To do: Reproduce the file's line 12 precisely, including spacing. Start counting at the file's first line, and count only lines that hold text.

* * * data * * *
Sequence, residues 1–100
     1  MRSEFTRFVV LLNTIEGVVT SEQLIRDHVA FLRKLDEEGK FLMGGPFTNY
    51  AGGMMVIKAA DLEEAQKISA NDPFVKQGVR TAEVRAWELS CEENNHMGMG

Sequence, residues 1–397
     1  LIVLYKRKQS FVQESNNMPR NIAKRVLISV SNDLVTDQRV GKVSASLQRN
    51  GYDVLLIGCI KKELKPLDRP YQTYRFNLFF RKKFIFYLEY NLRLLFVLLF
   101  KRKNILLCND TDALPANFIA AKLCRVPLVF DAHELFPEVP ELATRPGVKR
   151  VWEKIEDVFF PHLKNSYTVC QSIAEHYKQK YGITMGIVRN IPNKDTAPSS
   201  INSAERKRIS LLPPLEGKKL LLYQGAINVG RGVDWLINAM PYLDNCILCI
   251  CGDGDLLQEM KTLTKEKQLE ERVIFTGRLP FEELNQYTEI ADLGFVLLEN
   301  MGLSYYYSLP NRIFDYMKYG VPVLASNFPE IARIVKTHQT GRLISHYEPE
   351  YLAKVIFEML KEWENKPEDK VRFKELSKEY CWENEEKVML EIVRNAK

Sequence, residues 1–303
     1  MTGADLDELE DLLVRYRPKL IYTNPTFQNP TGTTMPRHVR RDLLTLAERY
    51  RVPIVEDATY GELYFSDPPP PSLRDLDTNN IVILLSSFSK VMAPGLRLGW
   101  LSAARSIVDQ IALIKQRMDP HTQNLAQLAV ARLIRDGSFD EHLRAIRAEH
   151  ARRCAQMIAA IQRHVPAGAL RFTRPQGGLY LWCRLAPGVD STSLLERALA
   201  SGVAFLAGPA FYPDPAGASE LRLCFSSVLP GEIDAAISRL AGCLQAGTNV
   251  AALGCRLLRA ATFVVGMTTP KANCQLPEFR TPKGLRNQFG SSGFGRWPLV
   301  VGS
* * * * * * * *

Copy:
   351  YLAKVIFEML KEWENKPEDK VRFKELSKEY CWENEEKVML EIVRNAK